At, High Court of Judicature at Bombay
By, THE HONOURABLE DR.(MRS.) JUSTICE SHALINI PHANSALKAR-JOSHI
For the Petitioners: Abhijit Sarwate, Advocate. For the Respondents: B.M. Patwardhan i/by Abhijit Kandarkar, Advocates.
1. Rule. Rule made returnable forthwith with the consent of learned counsel for both the parties, heard finally at the stage of admission itself.
2. Both these writ petitions are arising out of one and the same order passed by the Principal Judge, Family Court, Pune in P. A. No.891 of 2014. Hence they are being decided by this common order.
3. For the convenience, parties are referred to by their original nomenclature, wife as “petitioner” and husband as “respondent”.
4. By the said order, the Principal Judge of Family Court, Pune, has rejected the claim of petitioner wife for interim maintenance, residential accommodation, litigation costs and reimbursement of Medical Expenses. Hence she has preferred Writ Petition No.4331 of 2017, challenging the impugned order; whereas the Writ Petition No.4676 of 2017, is preferred by the husband, being aggrieved by the order, directing him to pay interim maintenance at the rate of Rs.25,000/- per month to petitioner for maintenance of daughter Siddhi, from the date of application till decision of the petition.
5. Brief facts of these Writ Petitions are to the effect that, the marriage of petitioner and respondent has taken place on 21.03.2011. However, on account of matrimonial dispute between the parties, both of them started residing separately sin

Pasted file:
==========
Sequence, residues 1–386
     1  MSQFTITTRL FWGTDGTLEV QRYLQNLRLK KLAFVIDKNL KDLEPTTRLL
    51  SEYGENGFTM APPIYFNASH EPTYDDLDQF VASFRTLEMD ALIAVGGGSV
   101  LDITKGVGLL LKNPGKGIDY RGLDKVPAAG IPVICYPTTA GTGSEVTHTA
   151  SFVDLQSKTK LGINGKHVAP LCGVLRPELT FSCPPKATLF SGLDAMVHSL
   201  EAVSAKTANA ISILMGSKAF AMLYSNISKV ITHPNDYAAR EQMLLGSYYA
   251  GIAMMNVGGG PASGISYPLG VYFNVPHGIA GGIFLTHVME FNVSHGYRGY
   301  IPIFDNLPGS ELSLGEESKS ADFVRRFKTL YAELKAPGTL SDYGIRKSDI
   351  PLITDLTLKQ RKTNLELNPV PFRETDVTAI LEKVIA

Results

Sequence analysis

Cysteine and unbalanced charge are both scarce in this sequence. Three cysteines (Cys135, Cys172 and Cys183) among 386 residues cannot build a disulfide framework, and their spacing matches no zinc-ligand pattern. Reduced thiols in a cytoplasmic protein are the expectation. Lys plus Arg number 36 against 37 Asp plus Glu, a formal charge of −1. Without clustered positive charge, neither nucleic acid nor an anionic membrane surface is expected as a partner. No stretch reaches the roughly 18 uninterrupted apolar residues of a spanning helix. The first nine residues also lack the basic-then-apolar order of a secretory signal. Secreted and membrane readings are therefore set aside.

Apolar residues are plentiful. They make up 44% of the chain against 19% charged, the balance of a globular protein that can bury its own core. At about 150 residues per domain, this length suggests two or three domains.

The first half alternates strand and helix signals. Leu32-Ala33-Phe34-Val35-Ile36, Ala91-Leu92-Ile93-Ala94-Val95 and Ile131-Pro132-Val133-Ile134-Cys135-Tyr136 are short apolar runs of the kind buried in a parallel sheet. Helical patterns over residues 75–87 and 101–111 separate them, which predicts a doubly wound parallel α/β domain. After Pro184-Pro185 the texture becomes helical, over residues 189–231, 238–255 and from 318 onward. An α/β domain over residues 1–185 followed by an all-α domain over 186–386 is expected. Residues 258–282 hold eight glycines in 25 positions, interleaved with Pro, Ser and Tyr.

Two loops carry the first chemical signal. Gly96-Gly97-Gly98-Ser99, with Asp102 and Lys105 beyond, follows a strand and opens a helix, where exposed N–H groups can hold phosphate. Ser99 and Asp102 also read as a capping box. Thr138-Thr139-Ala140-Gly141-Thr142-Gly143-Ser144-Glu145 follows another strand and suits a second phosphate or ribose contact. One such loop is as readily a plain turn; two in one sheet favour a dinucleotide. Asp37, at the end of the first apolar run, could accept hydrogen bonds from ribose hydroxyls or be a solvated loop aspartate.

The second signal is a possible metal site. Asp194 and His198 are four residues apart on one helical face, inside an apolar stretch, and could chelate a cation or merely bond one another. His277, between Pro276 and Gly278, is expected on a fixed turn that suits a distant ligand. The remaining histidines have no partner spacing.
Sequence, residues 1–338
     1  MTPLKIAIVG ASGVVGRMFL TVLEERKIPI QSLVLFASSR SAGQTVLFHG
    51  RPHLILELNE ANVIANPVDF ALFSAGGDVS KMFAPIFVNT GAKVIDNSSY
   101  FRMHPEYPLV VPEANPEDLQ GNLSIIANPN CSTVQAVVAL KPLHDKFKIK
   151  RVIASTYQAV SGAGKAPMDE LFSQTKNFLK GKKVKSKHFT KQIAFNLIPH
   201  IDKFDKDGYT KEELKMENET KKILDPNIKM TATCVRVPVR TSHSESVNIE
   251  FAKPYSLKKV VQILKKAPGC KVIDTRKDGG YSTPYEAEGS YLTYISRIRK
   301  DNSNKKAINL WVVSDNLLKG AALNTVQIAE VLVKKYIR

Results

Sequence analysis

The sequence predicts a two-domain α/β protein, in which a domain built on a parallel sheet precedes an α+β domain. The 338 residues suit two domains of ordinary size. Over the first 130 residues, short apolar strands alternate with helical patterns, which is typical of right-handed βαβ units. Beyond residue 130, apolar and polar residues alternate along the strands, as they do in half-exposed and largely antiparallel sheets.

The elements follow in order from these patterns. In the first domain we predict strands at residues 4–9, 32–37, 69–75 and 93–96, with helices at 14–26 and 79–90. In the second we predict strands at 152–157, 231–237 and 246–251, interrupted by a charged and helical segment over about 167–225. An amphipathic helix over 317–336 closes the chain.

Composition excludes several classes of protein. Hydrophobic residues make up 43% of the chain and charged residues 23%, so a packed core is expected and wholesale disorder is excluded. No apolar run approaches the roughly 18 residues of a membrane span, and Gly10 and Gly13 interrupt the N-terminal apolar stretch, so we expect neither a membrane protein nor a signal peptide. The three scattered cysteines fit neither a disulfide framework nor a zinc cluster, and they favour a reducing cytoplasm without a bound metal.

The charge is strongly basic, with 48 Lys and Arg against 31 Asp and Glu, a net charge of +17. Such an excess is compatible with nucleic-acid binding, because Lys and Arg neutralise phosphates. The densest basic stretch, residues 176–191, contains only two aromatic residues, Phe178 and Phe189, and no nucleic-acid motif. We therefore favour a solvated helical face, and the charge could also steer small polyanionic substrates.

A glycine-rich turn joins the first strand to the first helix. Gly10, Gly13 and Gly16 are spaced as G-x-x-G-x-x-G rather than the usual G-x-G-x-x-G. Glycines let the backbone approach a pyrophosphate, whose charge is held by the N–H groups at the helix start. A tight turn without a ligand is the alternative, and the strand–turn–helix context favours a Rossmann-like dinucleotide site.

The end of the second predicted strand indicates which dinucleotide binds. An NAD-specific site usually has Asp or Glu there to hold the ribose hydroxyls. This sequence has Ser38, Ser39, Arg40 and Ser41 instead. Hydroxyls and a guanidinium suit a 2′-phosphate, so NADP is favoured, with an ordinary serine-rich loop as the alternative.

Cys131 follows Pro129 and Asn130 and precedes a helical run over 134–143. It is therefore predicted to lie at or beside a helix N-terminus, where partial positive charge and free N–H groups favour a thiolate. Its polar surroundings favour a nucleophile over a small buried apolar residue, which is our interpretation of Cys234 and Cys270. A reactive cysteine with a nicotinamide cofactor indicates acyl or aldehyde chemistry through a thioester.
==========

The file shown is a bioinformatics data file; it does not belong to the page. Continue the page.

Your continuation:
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e 24.4.2013. Thereafter the petitioner has filed a petition for divorce against respondent on the ground of cruelty under the provisions of Special Marriage Act, claiming permanent alimony and other reliefs.6. During the pendency of the said petition, she has filed an application at Exh.5, under Sections 36 and 38 of the Special Marriage Act, 1954, for interim maintenance for herself and for her daughter. In support of her application, she relied upon various documentary evidence proving sound financial position of the respondent and her inability to maintain herself and daughter, having no source of income and being dependent upon the financial support provided by her father.7. As against it, respondent made every effort to show that he is not having sufficient means to pay maintenance; whereas the petitioner is very well placed, being the Director of a Company and hence an application for interim maintenance cannot be entertained. In support of his submissions, he relied upon various documents proving the fact that the petitioner is a Director of ERP Corporation Private Ltd., and she is maintaining the car and lavish life style. It was also shown that her profile on various websites reveals that her qualification is MMS in HR, DCE, DBM, DID, however, she has tried to suppress her real income and also the fact that she was the Director of ERP Corporation.8. Hence having regard to the fact that the petitioner wife is a highly qualified person and was working as Director of the company, the Family Court rejected her application for maintenance; whereas having regard to the financial position of respondent, the Family Court held that he is also liable to contribute to the maintenance of the child Siddhi and accordingly awarded interim maintenance to the child at the rate of Rs.25,000/- per month to the child Siddhi.9. While challenging the impugned order of the Family Court, the submission of learned counsel Shri. Sarwate, for petitioner is that the Family Court has not at all taken into consideration the fact that the petitioner is having responsibility to maintain and look after the child of 3 to 4 years and therefore, though she may be having the potential of earning income, unless it is proved that she is actually earning the income, she cannot be deprived from getting maintenance. By placing reliance on the judgment of Apex Court in Shailja and anr -vs- Khobbanna, 2017 Supreme Court (SC) 75, it is urged that, “whether the wife is capable of earning or whether she is actually earning are two different concepts. Merely because wife is capable of earning is not sufficient reason to deny her maintenance.10. Learned counsel appearing for the petitioner has also placed reliance on the judgment of Supreme Court in Mangatmal (dead) and anr -vs- Punni Devi (dead) and ors, I (1996) DMC 1 (SC), to submit that the maintenance necessarily must encompass a provision for residence. The provision of residence may be either by giving any sum in money or property in lieu thereof. Here in the case, according to him, the Family Court has not at all awarded any amount towards residence of the petitioner though it was specifically brought to the notice of the Family Court that at present the petitioner is constrained to reside in the house of her parents, having no other place or roof on her head.11. Learned counsel for petitioner Shri. Sarvate has then relied upon the judgment of Hon'ble Supreme Court in Rajesh Burmann -vs- Mitu l Chatterjee (Barman), AIR 2009 SC 651 to submit that the expressions “maintenance” and “support” used in Section 36 and 37 of the Special Marriage Act 1954 also include within their sweep medical expenses and hence in this case, he has submitted that the Family Court should have awarded reimbursement of medical and other expenses to the petitioner to the tune of Rs.1,61,710/-. The Family Court has avoided to reimburse the said amount stating that it can be decided at the time of final hearing. Thus, according to learned counsel for the petitioner, the impugned order passed by the Family Court to the extent of depriving the petitioner from her rightful claim for interim maintenance and other expenses needs to be quashed and set aside.12. Per contra, learned counsel for the respondent has supported the impugned order to the extent of rejecting claim of wife for interim maintenance and other expenses. However, as regards, the order of interim maintenance at the rate of Rs.25,000/- per month towards maintenance of daughter Siddhi, it is challenged by submitting that, as compared to the husband, the petitioner is earning far more income. Her life style and her financial condition is also much better than that of the husband. Moreover, to enroll the daughter in a costly school like, “Kangaroo Kids” was her decision and hence respondent husband should not be saddled with these expenses. Learned counsel for respondent has, then placed reliance on the income tax returns of the respondent to show that his income is hardly 20 to 30,000/- per month and therefore, this amount of Rs.25,000/- which is awarded by the Family Court towards interim maintenance of the daughter being excessive, according to him, needs to be set aside or reduced.13. This is a peculiar case in which both the husband and wife are highly qualified, well off and having their own independent sources of income. Respondent has done his Bachelor in Engineering from V.J.T.I, Matunga, Mumbai and Masters in Management Studies from NMIS, Mumbai. He is also Director of Xlrite Consulting Private Ltd and having his office at Bhagatsing Road, Mumbai. He owns Tata Indigo Car. Just before the proceeding in the Family Court were filed, he has sold out 2 BHK flat at Mulud (W) and was in the process of purchase of flat at Lokhandwala Complex. He stays in a bungalow, belonging to his father at NIBM Road, Pune. He has various bank accounts, numerous credit cards. His profile seen on screen shots produced on record of the Family Court indicates that his name is the owner of M/s Canary Recruitment and Training Consultancy. Respondent has not disputed the fact that he is running this Xlrite Consultancy Pvt. Ltd.14. However, respondent has produced on record the income tax returns of the last three years showing his income to be around Rs.1,80,000/- per annum. As rightly pointed out by learned counsel for the petitioner, all these three returns are filed on the same date after the divorce petition was instituted in the Court. Hence much reliance cannot be placed on these income tax returns. Otherwise also, law is well settled that income tax return do not reflect true income of the parties and the Court has to assess the said income on the basis of documentary evidence.15. Here in the case, one can take into consideration the profile of the respondent husband filed on Jeevan Sathi.com stating his annual income around Rs.25 lacs and above and further states that he was having his own income from HR Recruitment and Consultancy Training Software Services for clients across India.16. It cannot be accepted that immediately after filing of the divorce petition his income is reduced. Conversely one can safely conclude that this attempt of showing reduced or no income, after filing of matrimonial proceeding appears to be a routine phenomena of which notice is taken by the Hon'ble Supreme Court in Manish Jain -vs- Akanksha Jain, CDJ 2017 SC 352, by observing in paragraph No. 39 as follows:-“It has now become a matter of routine that as and when an application for maintenance is filed, the non applicant becomes poor displaying that he is not residing with the family members if they have a good business and movable and immovable properties in order to avoid payment of maintenance. Courts cannot under these circumstances close their eyes when tricks are being played in a clever manner”17. Thus, the fact remains that respondent herein is well qualified and having regard to life style of both the parties, it can hardly be accepted that he is unable to contribute an amount of Rs.25,000/- per month towards interim maintenance of his daughter Siddhi.18. In addition to that, as rightly held by the Family Court, respondent has to pay educational expenses of daughter Siddhi. Therefore, as regards the writ petition of respondent, this Court does not find any merit therein to entertain the same and hence the same deserves to be dismissed.19. As regards the writ petition of petitioner wife, as stated above she is also a very well qualified person. Her qualifications are MMS, HR, DBM, DID. She is convent educated. She had worked with the company for over 7 years. At present also in her maiden name, “Shama Vasant Padale”, she is Director of ERP Corporation Pvt. Ltd. Her name is accordingly registered with Ministry of Corporate Affairs. The print out thereof is also produced on record. Copy of her consent is also produced on record.20. When these documents were produced in the Court by respondent, she has filed an affidavit before the Family Court stating that she is only a nominal or formal Director and on account busy schedule of the child she is not in active participation in the work. However, the fact remains that she has not produced on record her income tax returns for the last three years to prove that she is not having any income therefrom. However, the respondent has produced on record documents to show that earlier petitioner was having 1/3 share in the said company as a Director and now one of the Directors having been resigned, she is practically having 50% share. Even if it is accepted that the offices of the said company are at Bangalore and at Mumbai and presently she is placed in Pune, being a Director, it is not necessary that she should participate actively in the day-to-day affairs of the company. She can exercise supervisory control over the affairs of the company even from Pune and get her share in the dividend and profits of the company. Therefore, her case that she is having no source of income at present and her father is maintaining her also cannot be accepted.21. Assuming that there is some difference in the earning and income of the petitioner and respondent, provisions of interim maintenance are not made for equalising their income but to ensure that either spouse does not suffer because of paucity of the income in the course of the proceeding. Where both the husband and wife are earning and having good income, merely because there is some difference in the respective income earned by them, an order of maintenance cannot be justified, especially, if one has regard to the provision of section 36 of the Special Marriage Act, 1954 which provides that only when it appears to the Court that wife has no independent income sufficient for her support and necessary expenses of the proceedings, the Court can order the husband to pay her expenses of the proceeding and also interim maintenance. Here in the case the petitioner wife is having independent source of income. In such situation she cannot be entitled for interim maintenance. Since both the petitioner and respondent are on equal footing and earn more or less some income, the Family Court, has rightly rejected the wife's claim for interim maintenance.22. As regards the provision for residence, the Family Court has observed that the petitioner has a provision of residence. Moreover, she is also capable of taking residence on rent being the Director of the Company. In respect of medical and other expenses, the claim of the petitioner is to the tune of Rs.1,61,710/-. The Family Court has rightly held that the said claim can be decided at the time of final hearing.23. To sum up, therefore, I do not find that any ground is made out either by the petitioner wife or by respondent husband to interfere in the impugned order passed by the Family Court, as the order is balanced one and is passed by the Family Court after taking into consideration all the relevant material aspects of the case.24. Both these Writ Petitions, therefore being devoid of merits, stand dismissed.25. Rule discharged.